April 25, 2005
Why Lebanon MattersTopics: Middle East News and Perspectives
Lebanon in the news, and here is a medley of the latest from the rapidly changing country!
(...) It is not only necessary that the Lebanese rid themselves of the tanks, soldiers, guns and security agents; they must also unshackle the economy and the private sector from the chains of corruption that have characterized the era of Syrian occupation.
Today, as the last Syrian troops depart from the country they have occupied for 29 years, the Lebanese will likely breathe a sigh of relief. But they won't have much time to savor the sweetness of their newfound liberty; they are now left with the task of managing their own affairs, and there is an awful lot of work to be done.
During the course of Syrian occupation, Lebanese society has been deprived of the real experience of responsibility. Over the years, the Lebanese seem to have become almost accustomed to being told what to do. One dares to say that the Lebanese political class in the widest sense (not just the loyalist politicians) became complacent toward Syria's way of doing things.
A key concern now for
the Lebanese is that the Syrian domination of Lebanon extended over not
just security and political institutions, but also over the private
sector, banking, industrialists, trade unions and business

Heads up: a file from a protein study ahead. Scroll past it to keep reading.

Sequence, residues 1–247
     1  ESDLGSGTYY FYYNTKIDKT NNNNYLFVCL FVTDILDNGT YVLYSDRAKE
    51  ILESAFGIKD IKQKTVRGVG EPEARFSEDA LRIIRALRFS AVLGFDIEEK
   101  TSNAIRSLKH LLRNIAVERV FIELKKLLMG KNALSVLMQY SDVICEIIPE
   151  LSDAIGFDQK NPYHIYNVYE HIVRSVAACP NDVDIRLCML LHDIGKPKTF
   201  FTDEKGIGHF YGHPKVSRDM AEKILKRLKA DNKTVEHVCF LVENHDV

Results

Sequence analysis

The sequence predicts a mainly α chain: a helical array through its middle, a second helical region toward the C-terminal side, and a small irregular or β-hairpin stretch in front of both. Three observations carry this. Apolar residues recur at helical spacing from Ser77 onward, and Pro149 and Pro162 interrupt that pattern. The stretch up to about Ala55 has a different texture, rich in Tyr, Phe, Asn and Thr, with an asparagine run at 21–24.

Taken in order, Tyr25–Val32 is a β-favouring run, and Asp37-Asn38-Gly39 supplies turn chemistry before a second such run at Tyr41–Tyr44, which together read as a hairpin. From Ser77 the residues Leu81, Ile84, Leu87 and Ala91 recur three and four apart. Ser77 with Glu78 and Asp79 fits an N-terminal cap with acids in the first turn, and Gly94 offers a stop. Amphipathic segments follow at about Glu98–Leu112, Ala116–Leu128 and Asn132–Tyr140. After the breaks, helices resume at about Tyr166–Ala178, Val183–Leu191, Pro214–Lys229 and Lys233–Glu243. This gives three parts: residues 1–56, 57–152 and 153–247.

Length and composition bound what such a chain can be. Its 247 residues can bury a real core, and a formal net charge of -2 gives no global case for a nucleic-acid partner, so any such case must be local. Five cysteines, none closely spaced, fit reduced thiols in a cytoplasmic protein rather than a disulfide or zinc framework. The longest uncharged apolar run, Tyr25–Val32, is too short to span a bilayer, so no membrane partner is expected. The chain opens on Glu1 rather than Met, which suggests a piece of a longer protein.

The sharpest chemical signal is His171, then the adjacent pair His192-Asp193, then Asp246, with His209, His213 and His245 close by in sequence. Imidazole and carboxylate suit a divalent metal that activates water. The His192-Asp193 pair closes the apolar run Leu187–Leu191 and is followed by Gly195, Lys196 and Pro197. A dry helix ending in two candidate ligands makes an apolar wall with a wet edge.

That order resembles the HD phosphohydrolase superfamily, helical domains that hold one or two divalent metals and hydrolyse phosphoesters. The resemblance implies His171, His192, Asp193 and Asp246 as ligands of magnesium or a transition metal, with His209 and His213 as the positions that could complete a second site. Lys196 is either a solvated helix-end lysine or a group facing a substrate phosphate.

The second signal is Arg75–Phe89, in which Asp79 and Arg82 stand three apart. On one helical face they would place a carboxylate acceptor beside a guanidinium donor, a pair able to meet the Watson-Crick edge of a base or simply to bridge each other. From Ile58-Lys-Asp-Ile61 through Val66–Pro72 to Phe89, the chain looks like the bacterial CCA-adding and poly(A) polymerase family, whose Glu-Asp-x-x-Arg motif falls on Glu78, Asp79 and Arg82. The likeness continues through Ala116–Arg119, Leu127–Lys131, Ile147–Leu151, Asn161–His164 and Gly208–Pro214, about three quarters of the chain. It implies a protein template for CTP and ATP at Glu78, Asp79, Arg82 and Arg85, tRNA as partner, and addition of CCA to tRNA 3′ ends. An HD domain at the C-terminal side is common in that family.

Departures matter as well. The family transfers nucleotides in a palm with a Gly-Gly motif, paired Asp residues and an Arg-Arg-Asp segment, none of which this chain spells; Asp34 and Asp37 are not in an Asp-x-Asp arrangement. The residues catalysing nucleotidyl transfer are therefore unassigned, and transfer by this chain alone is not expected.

associations. The result is that a once vibrant Lebanese economy has
slowly crumbled under Syrian mismanagement.
First - Why Lebanon, why should we care?
Lebanon may be the only place in the world where you can buy a necklace with a Christian cross and a Muslim crescent moon fused together as one. What other country would even think of making something like this? I've never seen one before. But now I own two.
(Image from Spirit of America)
Lebanon is approximately 40 percent Christian and 60 percent Muslim - that is if you count the Druze as Muslims, something they themselves don't do. Most people who live here - but sadly not all - have had enough of hatred and sectarian violence. They desperately want to bury the past. They spent the last 15 years learning to tolerate one another without going on rampages. Now they are moving beyond mere tolerance and are learning to like each other. It's so easy to break a truce. Much harder to break a friendship.
Beirut may not be the only place in the world where you can find a church and a mosque right next to each other. But it's certainly a more common sight here than anywhere else. No other country has so Christians and Muslims living in the same place that you'll regularly hear both Christian church bells and the muezzin's call to Muslim prayer downtown at the same time.
Hat tip - Jawa Report
Other Lebanon related:
Israel eyes peace with Lebanon as Syria completes pullout
Posted by Hyscience at April 25, 2005 8:02 PM
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- Why Lebanon Matters - Apr 25, 2005